Are Romance Novels Okay for Christian Women?


Do romance novels foster discontent, or are they just a good story?

In A Shaded View of Romance, I stated that sexy novels are comparable to porn:

  • They create unrealistic expectations (of both relationships and sex).
  • They nurture discontent in marriage.
  • They cause sexual arousal.

That post was mostly about the sexual content of romance novels. Here, I’d like to focus on the romantic content.

Romance novels no longer have that “gotta read it right now” pull on me that they once had. In fact, I can’t remember the last time I read one–which means either that it’s been a long time or that my heart can now handle them without being negatively affected.

I’ve questioned whether I should publish this post. How can I talk about whether or not something is okay for other women when it’s something I’ve struggled with so much? I’ve decided to publish because I share the struggles of my heart here. While my heart hasn’t experienced a struggle with romance novels for a while, I don’t think it would take too much to put me back in that place.

In every struggle I’ve shared on this blog, I’ve learned that I am not the only woman with that struggle. So I’m publishing this, praying that at least one woman who is unhealthily drawn to romance novels will be encouraged to examine her own heart.

Romantic Reading

Many women are drawn to the romance in sexy romance novels. Without the story of romance, many of these books would be little more than erotica. So what if we read books that are just romance, without any of the sex?

Plenty of romance novels have little or no sex. In fact, there are even Christian romance novels. These are often good stories that may parallel Bible stories, inspire us to be better women, or show us how faith can look in the context of a relationship.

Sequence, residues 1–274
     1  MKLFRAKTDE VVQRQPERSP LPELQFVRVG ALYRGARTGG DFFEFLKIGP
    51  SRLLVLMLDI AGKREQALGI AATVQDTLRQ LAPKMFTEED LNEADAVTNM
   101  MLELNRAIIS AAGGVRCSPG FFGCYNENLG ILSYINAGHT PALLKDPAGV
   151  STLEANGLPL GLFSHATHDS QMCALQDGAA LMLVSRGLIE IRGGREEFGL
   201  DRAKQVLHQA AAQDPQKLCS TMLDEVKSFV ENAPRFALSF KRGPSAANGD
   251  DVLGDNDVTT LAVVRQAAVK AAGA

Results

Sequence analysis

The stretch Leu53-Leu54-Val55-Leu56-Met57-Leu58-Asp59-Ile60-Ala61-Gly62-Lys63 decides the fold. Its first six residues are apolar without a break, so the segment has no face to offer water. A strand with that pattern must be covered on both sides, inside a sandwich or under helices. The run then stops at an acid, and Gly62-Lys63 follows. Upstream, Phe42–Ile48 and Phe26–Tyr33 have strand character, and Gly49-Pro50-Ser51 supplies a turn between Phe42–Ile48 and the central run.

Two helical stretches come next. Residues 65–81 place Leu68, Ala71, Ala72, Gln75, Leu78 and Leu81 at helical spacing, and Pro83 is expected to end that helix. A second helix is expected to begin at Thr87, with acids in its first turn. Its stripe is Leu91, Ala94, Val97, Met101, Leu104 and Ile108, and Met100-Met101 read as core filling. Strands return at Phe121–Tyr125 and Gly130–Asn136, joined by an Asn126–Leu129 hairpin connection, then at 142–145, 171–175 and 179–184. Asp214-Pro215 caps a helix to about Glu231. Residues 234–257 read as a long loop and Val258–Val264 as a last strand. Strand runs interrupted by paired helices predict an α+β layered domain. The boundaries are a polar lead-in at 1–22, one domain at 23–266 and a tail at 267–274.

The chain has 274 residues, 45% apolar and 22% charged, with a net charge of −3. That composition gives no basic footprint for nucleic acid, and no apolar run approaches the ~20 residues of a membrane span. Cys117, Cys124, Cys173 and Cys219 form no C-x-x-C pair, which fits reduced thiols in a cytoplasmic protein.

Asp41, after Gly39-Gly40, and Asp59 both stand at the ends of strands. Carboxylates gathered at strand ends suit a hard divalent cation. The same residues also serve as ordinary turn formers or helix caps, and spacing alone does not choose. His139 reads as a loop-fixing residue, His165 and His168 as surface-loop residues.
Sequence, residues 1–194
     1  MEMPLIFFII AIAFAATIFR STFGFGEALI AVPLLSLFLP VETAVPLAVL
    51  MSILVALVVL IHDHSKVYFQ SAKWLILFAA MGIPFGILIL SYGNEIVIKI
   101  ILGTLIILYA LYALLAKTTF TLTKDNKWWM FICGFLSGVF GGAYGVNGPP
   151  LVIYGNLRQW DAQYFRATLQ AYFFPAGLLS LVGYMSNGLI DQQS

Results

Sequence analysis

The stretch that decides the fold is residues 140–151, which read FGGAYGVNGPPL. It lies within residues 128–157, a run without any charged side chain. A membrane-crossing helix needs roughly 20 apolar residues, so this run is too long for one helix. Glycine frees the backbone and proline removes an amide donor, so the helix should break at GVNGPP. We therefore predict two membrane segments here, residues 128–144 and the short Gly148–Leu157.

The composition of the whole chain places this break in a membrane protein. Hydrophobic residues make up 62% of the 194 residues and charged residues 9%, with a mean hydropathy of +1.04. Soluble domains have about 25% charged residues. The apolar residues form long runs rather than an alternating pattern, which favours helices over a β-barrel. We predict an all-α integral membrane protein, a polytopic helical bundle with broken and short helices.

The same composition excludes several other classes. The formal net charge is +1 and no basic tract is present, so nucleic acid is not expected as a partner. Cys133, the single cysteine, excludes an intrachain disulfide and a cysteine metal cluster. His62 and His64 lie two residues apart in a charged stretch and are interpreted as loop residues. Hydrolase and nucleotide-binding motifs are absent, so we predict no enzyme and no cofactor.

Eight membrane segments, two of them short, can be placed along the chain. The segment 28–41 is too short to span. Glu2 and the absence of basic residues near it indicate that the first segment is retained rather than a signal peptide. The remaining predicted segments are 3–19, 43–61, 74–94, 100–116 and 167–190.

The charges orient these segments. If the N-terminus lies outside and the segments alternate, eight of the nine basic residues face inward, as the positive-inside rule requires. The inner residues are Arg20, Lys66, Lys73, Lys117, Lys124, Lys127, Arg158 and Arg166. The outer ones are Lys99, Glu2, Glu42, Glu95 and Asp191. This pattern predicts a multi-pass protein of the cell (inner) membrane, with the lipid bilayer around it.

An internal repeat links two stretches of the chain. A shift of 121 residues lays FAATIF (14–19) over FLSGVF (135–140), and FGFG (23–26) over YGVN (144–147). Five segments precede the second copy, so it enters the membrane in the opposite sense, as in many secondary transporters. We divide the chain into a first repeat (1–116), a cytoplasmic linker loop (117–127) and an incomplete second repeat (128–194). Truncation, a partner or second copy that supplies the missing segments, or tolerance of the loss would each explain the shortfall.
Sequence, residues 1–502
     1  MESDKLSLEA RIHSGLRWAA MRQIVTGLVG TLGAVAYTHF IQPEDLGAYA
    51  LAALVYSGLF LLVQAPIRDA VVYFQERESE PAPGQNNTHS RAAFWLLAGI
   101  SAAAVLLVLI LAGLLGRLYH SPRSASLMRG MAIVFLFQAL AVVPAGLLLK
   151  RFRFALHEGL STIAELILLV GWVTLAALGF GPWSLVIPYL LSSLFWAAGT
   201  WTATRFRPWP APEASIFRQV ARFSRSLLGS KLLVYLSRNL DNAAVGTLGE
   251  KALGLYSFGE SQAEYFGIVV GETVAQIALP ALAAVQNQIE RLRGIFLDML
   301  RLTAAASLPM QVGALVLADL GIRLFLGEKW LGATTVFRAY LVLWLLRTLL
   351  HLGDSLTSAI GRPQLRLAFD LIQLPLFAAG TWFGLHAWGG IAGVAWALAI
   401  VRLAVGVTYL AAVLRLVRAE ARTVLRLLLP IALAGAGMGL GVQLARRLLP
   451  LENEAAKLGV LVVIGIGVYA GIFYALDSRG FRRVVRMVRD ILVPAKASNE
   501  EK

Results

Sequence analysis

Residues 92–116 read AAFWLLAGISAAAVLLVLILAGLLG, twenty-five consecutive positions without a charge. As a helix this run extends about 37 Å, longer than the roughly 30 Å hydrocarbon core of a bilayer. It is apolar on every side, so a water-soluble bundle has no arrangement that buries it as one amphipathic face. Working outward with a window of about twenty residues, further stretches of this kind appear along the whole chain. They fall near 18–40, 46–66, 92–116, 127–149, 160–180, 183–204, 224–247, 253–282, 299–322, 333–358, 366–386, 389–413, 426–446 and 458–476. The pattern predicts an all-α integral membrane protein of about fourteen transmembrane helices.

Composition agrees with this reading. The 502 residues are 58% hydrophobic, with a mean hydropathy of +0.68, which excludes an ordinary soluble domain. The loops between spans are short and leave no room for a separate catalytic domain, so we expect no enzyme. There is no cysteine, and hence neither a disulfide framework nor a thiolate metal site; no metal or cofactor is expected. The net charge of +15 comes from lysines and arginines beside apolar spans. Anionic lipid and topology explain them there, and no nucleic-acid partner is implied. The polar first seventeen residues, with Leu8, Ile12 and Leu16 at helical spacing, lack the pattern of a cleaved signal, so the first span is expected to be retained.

Are these low-sex/no-sex romance novels okay?

I don’t have an answer for you.

Good fiction can draw us in and show us pieces of our own hearts and minds. I see great value in that.  I also see nothing wrong with entertainment. A light escape into a story entertains us and gives us a brief respite from the daily grind. It’s really no different from watching a movie or window shopping.

While I don’t have an answer for you about whether romance novels are okay, I do know that for me, even these tame Christian romances can sometimes be a problem. However, that is because of my heart, not because of the material. If I am not careful, reading these books can foster discontent in my own marriage.

The emotional connection in a romance novel can affect me even if there is no sex at all.

My husband loves me so much—but he isn’t perfect. He makes mistakes. He tries hard to do the right thing, but he is a real person, not a character in a novel—and I don’t always make things easier for him.

The male characters in many romance novels, on the other hand, are practically perfect. Even when their flesh wins out over their spirit (for instance, by yelling when the heroine does something foolish that puts her in danger), we see them acknowledge their weaknesses, apologize, and make it up to the woman. (In a Christian romance novel, this means that he prays, repents, and seeks forgiveness.)

These guys do a lot of things in ways that are more ideal than real. Since she is also way more perfect than I am, the heroine usually manages to see her man’s heart behind his gruff exterior.

It is easy to compare the very imperfect Big Guy and very imperfect me with these characters and think there is something wrong with us.


If I am not careful, I can come away from even a Christian romance novel feeling restless and dissatisfied with Big Guy and our marriage.

So when I do want to read these books (and sometimes I do, because I love to read and I love a good love story), I need to do so intentionally, with good boundaries in place.

Here’s how that looks:

  1. I consider my motives. If I am experiencing some unhappiness in my life and know that I want to read a book just to help me escape that for a little while, a romance novel is likely to expand that unhappiness—so I will choose something other than a romance. If I want to read the book because it’s been a while since I’ve read a book and it sounds like a good story, it can be okay.
  2. I pray before and after reading. I pray for my contentment and joy with Big Guy and our marriage, and I pray for wisdom.